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Man in the middle
With the Seahawks final preseason game on Thursday night, the team combined Competition Wednesday and Turnover Thursday into one day, hopefully preparing themselves for later in the year when they play on Thursday night in the regular season.
Due to the shortened week, the team doubled up on a Tuesday practice of preseason week four with the themes of "Competition Wednesday" and "Turnover Thursday".
A player-by-player look at the 2015 Seattle Seahawks 75-man roster. The Seahawks must trim their roster to 53 players by 1 p.m. PT on Saturday, Sept. 5.
Yes, Barrett Ruud felt a little like the new kid in school during the first week of the Seahawks’ offseason program.
“You do a little bit. You’re a little bit lost,” said Ruud, the middle linebacker who was signed in free agency after playing last season with the Tennessee Titans and his first six NFL seasons with the Tampa Bay Buccaneers.
“But I did the same thing last year, so I’m kind of used to it now.”
An even stranger sensation, however, is Ruud’s ongoing recovery from the groin, knee and shoulder injuries that plagued him last season.
“I’d never been hurt before,” he said. “Then, last year all I did was get hurt. I’d never missed a game before last year. So it feels like I’ve been out forever.”
The 6-fot-2, 241-pound Ruud has inherited the same number (57) and even cubicle in the locker room from David Hawthorne, the player he is penciled in to replace after the team’s three-time leading tackler signed with the New Orleans Saints in free agency.
“We’ve got to get him healthy first,” coach Pete Carroll said Monday, when the players kicked off Week 2 of Phase 1 in the offseason program. “He’s coming back from all of that. He is working out and doing a lot of stuff, but we’re going to be very careful in bringing him back.”
Ruud, 28, brings experience, familiarity with the scheme – he and defensive coordinator Gus Bradley were in Tampa together from 2006-08 – and proven productivity. He registered 100-plus tackles from 2007-10, averaging 128 over the four seasons.
“The connection with Gus was very key to me coming here,” said Ruud, a second-round draft choice by the Bucs in 2005. “Unfortunately, I was pretty banged up last year. So you kind of have to have somebody that vouches for you, has been around you a lot and knows how you can recover and how you prepare.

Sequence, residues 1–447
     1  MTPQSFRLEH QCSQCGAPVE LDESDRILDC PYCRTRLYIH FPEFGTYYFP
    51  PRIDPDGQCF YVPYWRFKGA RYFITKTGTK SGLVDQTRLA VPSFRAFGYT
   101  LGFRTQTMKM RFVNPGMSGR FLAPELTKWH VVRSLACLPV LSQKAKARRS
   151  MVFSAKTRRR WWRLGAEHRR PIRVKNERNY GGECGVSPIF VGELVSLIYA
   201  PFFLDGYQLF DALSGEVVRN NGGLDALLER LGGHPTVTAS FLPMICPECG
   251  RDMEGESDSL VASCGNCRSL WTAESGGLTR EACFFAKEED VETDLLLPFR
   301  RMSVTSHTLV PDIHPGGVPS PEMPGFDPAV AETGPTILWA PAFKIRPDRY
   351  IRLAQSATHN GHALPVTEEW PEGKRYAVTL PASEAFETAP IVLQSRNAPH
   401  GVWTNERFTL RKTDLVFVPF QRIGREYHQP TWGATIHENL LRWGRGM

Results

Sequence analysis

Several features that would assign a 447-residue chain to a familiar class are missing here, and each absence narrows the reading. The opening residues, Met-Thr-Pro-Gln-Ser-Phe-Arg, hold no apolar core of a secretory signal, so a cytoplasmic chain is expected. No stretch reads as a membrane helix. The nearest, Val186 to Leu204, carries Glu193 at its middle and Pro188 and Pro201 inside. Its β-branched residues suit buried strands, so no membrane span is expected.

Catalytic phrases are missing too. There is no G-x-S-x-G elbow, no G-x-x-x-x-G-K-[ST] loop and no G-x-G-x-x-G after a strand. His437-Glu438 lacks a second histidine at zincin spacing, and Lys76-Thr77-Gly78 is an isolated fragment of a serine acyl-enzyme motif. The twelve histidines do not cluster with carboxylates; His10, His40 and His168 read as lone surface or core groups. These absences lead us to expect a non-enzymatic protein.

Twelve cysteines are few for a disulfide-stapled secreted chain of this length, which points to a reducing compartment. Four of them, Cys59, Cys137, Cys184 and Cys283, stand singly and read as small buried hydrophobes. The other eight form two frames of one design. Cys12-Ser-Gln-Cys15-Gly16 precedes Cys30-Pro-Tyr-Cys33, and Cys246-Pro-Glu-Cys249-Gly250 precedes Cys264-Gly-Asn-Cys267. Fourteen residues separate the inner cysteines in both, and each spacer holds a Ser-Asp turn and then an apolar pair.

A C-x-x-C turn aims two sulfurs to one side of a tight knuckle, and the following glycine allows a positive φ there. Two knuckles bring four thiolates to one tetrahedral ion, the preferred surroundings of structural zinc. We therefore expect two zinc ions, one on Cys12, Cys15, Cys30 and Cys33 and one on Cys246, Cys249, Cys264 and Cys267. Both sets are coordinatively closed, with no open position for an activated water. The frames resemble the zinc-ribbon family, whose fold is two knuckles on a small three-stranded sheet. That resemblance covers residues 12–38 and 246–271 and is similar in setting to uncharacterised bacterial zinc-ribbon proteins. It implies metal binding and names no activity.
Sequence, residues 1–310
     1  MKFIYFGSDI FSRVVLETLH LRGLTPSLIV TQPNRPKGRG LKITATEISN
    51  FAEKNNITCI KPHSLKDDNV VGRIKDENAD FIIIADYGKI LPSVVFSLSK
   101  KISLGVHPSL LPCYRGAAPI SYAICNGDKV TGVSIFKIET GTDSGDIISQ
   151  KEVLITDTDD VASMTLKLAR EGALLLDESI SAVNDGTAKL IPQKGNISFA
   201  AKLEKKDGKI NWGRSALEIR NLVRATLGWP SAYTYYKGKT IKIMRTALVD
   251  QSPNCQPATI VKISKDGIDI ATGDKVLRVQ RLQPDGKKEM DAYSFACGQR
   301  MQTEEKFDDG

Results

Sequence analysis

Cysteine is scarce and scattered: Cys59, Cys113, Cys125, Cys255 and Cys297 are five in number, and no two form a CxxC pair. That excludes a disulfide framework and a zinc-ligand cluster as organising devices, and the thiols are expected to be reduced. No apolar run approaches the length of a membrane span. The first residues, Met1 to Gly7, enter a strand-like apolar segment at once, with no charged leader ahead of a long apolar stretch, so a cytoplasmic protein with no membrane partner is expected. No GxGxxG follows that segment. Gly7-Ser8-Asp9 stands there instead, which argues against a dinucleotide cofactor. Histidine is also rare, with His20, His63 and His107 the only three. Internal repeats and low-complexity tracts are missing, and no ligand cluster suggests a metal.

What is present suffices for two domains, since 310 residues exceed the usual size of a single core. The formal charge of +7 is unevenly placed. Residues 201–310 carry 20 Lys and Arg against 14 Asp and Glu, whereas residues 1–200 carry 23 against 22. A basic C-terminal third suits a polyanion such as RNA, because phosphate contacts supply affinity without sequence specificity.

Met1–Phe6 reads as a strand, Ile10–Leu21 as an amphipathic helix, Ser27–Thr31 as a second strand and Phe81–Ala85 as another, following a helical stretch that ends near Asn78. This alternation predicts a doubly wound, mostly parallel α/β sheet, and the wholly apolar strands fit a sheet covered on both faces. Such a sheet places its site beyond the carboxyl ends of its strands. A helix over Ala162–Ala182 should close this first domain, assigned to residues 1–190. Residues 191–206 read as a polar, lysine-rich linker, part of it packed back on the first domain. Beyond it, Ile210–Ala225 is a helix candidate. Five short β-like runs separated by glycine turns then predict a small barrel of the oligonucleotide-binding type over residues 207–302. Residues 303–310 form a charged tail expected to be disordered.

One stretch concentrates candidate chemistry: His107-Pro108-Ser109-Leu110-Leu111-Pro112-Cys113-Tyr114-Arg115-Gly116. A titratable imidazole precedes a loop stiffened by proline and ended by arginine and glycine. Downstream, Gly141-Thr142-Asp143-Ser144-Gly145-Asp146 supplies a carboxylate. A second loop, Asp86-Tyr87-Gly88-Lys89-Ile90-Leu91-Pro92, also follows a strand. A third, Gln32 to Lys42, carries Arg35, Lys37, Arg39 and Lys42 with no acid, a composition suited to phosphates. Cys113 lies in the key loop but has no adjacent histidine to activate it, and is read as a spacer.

“So knowing Gus and Todd Wash (the Seahawks defensive line coach who also came from the Bucs), those guys know I work pretty hard to recover from things and they have confidence in me.”
Ruud needed a friend, or two, after “getting caught in the CBA deal,” as he referred to the 136-day lockout, in free agency last year and then the injuries that began in the preseason and eventually ended his 2011 season.
“Barrett has a lot of experience,” Bradley said. “Even though we’re doing different things than we did in Tampa, there’s going to be some carryover in terms and how we approach things. So the carryover will surely benefit him.”
As it will the defensive coaches.
“We know him. We trust him. We know what he brings to the table,” Bradley said. “He’ll add strong competition to that spot. Not many teams were after him because he was still banged up, but we knew what he could do prior to that.
“So it’s a great situation. Let’s bring him and say, ‘OK, are we getting the Barrett Ruud that we saw in Tampa? That will bring great leadership to that (linebackers) room; has a great understanding of football.’ ”
Ruud was on pace for another triple-digit tackle total last season, but was placed on injured reserve Dec. 13 because of the problems he played with throughout the season.
“When he gets full speed, he can play,” Carroll said. “He started six years in the NFL at (middle linebacker). So that’s a tremendous boost for us right now, knowing that we have a guy that understands the scheme, is bright, can lead us and call (the defense).
“But it’s going to take him a little while before he’s right.”
After last season, that’s Ruud’s goal this season – getting right, and getting back on the right track.
“I’ve played a lot of football, and I know how to play,” he said. “And I can still play at a high level. I feel great now and should be healthy in another month or so.
“Hopefully, I can be a big part of the team.”